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Old 01-19-2017, 12:32 PM   #1
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Live aboard @ middle-age

Hi everyone!

I wanted some feedback , reality check, or any advice.

My story is simple. I'm 47 and my fiance is 51. We are getting married in April. We only have one grown child between us. We have a new house, pets etc. But we're tired of the "rat race" . We had been looking at tiny houses for the last 2 yeas, but a few weeks ago we both discovered we have dreamed of living on a boat full- time, but were always told it wasn't realistic . So two crazy people have started putting a plan together.

So are we crazy at our age taking a chance no matter what people say?

We are looking at 44ft Trawlers under $60,000...is this reasonable?

Anyone in there 40's / 50's that are still working and took the leap? Any regrets?

Thanks in advance for the response!
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Old 01-19-2017, 12:38 PM   #2
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No, it's not reasonable. There are boats you could have in that price range, but they would be immensely labor intensive and it doesn't sound like you have the experience you would need to take on that kind of a project.

By the time you could live aboard you would have easily doubled your purchase price in repairs, upgrades, and renovations. This is assuming that you want to live aboard a boat that can actually be used as a boat rather than a floating house...

Not wanting to rain on your parade, but...
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Old 01-19-2017, 12:52 PM   #3
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What's the goal with living aboard? Will you be using the boat as a condo, or actually going boating? What kind of boating...cruising for months or years, or weekend hops to nearby harbors? Will either of you be working?
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Old 01-19-2017, 01:01 PM   #4
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At your ages living aboard is not the issue. I have good friends (both in their late 50s) that purchased a 53 Hatteras last year and live aboard and are thrilled with their decision. That being said, I think you'll probably need to triple your budget to find a 44' seaworthy boat in reasonable condition that you would want to live aboard. I wish you success in following the dream.
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Old 01-19-2017, 01:04 PM   #5
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AKDoug is right. Living aboard sounds very romantic, but the reality can be quite different than what you imagined. After the boat, you must determine where it will be kept and under what conditions. For example, at my marina we have several live aboards. The walking distance out to the boats is considerable and you get the full experience of hot Summers and cold Winters along with rain and snow. Taking out groceries when its cold and rainy ain't fun. Where will you take showers? If on the boat the marina may shut off the water in the winter. What about pump-outs? In cold weather many boats have considerable condensation and that can be unpleasant. How will you heat the boat? At some marinas electricity can go out frequently. Are the docks floating or fixed? Fixed docks can sometimes make it tough to board your boat depending on the state of tide.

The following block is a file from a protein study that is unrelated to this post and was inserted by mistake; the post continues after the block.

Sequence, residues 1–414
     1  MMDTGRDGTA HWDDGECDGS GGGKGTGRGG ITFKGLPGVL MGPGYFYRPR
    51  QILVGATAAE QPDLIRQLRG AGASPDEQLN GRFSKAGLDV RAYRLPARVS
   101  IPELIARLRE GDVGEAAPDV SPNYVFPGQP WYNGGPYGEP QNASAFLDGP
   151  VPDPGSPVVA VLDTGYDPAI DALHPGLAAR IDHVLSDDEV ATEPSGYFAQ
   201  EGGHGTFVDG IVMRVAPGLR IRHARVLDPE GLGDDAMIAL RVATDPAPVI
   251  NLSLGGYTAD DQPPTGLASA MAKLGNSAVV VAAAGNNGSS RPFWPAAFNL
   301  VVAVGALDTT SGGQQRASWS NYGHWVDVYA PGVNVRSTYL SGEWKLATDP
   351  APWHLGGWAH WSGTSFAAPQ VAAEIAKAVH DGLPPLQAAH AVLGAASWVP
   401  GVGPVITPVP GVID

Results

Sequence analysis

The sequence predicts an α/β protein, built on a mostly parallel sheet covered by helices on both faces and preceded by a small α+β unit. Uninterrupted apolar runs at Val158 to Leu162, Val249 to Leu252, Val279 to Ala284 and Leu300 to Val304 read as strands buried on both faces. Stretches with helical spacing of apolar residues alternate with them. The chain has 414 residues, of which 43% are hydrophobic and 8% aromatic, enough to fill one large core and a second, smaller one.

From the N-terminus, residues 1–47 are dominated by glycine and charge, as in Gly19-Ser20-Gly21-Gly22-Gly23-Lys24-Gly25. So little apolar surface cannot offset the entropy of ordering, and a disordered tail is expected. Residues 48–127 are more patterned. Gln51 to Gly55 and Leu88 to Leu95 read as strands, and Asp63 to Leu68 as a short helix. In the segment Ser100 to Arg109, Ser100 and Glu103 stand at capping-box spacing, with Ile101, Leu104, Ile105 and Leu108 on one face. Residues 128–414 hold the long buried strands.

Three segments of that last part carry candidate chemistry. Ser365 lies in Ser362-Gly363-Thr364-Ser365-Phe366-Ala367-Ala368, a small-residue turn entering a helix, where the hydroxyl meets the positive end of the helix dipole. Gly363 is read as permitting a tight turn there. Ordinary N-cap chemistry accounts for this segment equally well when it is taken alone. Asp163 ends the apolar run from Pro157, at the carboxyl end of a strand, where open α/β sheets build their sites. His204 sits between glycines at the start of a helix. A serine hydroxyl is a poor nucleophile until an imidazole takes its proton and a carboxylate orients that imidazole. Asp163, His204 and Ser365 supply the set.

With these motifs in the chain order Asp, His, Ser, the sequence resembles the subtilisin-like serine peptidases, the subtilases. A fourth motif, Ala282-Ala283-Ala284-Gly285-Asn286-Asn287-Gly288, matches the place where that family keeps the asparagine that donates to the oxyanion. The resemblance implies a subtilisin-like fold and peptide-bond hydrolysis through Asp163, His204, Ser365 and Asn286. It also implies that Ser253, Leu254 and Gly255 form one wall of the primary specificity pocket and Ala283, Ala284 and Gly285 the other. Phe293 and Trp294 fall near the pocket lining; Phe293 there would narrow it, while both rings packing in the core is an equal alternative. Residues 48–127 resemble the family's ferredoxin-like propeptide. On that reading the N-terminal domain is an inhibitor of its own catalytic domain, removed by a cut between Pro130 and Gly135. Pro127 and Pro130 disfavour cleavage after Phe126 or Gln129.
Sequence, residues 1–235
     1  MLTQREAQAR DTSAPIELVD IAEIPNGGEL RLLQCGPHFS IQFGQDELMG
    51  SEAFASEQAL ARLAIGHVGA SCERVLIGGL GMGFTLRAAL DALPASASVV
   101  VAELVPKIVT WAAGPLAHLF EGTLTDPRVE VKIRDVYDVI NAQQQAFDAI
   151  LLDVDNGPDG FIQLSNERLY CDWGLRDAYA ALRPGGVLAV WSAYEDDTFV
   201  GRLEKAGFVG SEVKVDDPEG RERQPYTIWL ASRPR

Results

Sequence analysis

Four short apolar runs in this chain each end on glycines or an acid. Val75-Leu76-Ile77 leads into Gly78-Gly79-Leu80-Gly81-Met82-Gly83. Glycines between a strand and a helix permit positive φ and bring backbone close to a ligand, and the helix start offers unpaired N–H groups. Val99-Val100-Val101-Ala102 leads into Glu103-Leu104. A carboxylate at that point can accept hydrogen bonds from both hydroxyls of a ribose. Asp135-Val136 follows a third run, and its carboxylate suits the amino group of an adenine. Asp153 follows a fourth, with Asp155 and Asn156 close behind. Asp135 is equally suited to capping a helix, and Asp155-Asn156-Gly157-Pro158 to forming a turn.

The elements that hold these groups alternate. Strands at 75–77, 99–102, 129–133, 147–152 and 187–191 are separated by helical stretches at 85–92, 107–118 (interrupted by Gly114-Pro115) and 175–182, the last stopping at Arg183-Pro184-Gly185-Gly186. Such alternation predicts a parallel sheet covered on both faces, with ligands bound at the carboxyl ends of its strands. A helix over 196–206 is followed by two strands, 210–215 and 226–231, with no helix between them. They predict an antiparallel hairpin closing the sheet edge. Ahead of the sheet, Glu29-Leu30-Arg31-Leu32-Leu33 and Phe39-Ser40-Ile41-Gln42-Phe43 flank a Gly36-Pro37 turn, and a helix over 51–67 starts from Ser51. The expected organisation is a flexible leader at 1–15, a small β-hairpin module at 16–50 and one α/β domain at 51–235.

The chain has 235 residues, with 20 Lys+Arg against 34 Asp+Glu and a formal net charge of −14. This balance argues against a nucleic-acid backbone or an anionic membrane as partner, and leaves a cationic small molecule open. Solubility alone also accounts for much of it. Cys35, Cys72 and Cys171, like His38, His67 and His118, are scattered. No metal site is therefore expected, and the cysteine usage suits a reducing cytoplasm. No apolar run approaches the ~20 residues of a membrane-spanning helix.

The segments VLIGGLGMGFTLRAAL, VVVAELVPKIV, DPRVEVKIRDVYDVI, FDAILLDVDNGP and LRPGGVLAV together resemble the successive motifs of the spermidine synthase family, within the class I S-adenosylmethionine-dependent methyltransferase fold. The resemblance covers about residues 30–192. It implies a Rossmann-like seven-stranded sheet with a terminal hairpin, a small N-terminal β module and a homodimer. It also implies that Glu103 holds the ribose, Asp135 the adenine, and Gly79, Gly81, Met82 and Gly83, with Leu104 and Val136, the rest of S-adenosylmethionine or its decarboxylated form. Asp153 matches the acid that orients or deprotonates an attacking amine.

All of these thoughts are things to consider. There are many great experiences to be had living aboard, you just need to know it isn't always all roses. I have cruised aboard a boat for almost a year - but down in the Caribbean. And it was great. But I did not have put up with a cold winter.

Go visit marinas and find live aboards to talk to and then you can have some factual information to think about.

Good luck.
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Old 01-19-2017, 01:10 PM   #6
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There are quite a few people who are live boards on here, and heavy cruisers, so you are getting good info. We don't, but spend about 100 nights per year aboard. Personally, that is plenty for me, and after a few nights on the boat I am ready to go home. Don't get me wrong, I love the ocean, but I also like getting off the boat. You may want to spend some time on a boat, rent one, etc. There is always a honeymoon period, but longer term can be a different story.